Sturgeon’s independence own goal – split risks driving the ‘wealth creators’ from Scotland

Indyref2: Ballantyne says there’s ‘huge gap’ in arguments

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Parliament would inevitably be distracted by discussions on precisely that subject. The election saw the SNP win 64 seats – one below the number which would have given the party an overall majority. Nevertheless, with the Greens, who also back independence, picking up eight seats, Ms Sturgeon is continuing to push for a second independence referendum in seven years, forcefully making her case during a phone call to UK Prime Minister Boris Johnson on Sunday.

Mrs Ballantyne, who quit the Tories for Reform UK earlier this year, lost her seat in Thursday’s Holyrood elections, picking up 779 votes on the regional list.

A fierce critic of the First Minister, Mrs Ballantyne told she was deeply concerned at what would happen now.

She explained: “Ms Sturgeon’s belief and rhetoric that the election result is first and foremost a mandate for a referendum supported sadly by the main opposition who stood on a platform of stopping a referendum doesn’t bode well for the next few years.

“It completely misses the 50/50 split in the voters support (nowhere near the settled will of the Scottish people Ms Sturgeon has said is needed).

“But far more worryingly, it suggests that this parliamentary session is going to focus on a mandate that they have no power to enact.

She added: “The SNP wrote to their supporters in the run up to the election telling them they had to vote SNP 1&2 to protect the NHS from Boris Johnson, a message that was so disingenuous it clearly highlights the desperate tactics that are used.

“Whilst education comes apart at the seams and our NHS quietly disintegrates our Parliamentarians will trade insults and bitter division on the constitutional question over which they have no power.”

Mrs Ballantyne urged the UK Government to deliver the support necessary to rebuild Scotland’s economy “after the damage that has been wrought by over zealous politicians”.

As for the possibility of so-called IndyRef2, she said: “If a referendum is ever run again Scotland needs to be told the truth about the currency, our pensions, the debt and the post Independence arrangements.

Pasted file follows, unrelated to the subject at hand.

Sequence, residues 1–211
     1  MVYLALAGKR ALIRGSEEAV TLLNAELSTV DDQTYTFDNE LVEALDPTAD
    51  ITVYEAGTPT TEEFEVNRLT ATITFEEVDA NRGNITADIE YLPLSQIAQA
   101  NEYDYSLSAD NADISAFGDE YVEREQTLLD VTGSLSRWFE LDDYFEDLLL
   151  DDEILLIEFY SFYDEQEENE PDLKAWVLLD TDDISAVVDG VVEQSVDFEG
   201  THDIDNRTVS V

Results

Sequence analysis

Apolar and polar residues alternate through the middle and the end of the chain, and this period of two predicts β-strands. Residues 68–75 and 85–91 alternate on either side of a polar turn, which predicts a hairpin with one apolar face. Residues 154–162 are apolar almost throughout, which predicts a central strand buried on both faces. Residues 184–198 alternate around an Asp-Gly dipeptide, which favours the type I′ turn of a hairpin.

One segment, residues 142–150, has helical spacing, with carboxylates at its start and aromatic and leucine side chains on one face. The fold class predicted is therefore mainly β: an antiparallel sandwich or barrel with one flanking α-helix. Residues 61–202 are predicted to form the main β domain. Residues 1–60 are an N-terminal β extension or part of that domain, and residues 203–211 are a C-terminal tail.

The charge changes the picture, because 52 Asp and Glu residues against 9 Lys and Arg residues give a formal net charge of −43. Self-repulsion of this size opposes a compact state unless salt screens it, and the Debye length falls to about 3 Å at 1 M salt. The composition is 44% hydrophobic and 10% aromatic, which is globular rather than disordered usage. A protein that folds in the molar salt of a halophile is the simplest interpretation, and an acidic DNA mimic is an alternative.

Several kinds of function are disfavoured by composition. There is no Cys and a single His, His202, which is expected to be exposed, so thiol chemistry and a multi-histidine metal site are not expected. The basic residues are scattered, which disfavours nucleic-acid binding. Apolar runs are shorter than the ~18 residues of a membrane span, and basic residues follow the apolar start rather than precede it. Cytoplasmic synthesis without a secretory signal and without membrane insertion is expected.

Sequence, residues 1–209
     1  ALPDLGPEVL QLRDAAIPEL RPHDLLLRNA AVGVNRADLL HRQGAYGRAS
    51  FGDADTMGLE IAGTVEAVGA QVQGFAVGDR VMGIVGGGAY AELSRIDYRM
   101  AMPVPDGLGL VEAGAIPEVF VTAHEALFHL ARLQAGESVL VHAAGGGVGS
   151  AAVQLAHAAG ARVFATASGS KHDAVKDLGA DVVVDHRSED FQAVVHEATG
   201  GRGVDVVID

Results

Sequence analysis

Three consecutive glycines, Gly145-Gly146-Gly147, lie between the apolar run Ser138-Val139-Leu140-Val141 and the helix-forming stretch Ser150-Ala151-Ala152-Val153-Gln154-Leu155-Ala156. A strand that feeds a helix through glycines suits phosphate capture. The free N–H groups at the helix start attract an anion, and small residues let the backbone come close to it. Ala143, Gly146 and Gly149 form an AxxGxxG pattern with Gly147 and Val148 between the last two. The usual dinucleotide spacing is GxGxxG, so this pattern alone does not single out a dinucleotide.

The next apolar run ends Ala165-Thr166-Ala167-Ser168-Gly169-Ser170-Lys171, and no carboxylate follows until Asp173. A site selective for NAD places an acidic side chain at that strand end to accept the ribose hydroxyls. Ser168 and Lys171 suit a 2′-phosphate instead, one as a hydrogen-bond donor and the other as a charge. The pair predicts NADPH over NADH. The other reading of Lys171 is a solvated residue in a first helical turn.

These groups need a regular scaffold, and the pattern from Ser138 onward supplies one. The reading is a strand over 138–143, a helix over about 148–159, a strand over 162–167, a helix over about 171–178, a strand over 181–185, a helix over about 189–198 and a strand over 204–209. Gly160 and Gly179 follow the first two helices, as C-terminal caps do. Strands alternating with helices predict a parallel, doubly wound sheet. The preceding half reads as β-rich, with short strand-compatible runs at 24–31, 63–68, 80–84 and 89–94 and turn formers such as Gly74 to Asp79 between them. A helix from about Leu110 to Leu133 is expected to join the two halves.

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“The question must not be Yes or No and it must not be a guessing game for the people as to what it will mean for jobs and the future.

“Ms Sturgeon is feeding her supporters red meat with her rallying cries but in doing so she is stoking the division and hatred that she will find difficult to put back in the bottle.”

Specifically, Mrs Ballantyne was concerned about a possible money drain if independence started to look like a realistic prospect.

She explained: “Already I hear the noises of concern as the wealth creators consider the possibility of the risks of being in Scotland.

The democratic right that was won last week was to lead our devolved Parliament and use those powers to the benefit of the people.”

Furthermore, she urged Mrs Sturgeon to concentrate on the job at hand – namely, ensuring Scotland’s pandemic recovery – rather than plotting to break away from the UK.

She said: “As referendums on separation are not a devolved power logically the only mandate that’s been won by the SNP is to ask for one, and the British Government have said not now.

“So the SNP faces a choice, divide the country in a bitter and senseless battle which will punish the people or focus on the job of actually running Scotland to the best of their ability so that one day they might have the support of more than just 50 percent of the people.” has contacted the SNP to offer the party a chance to respond to Mrs Ballantyne’s remarks.

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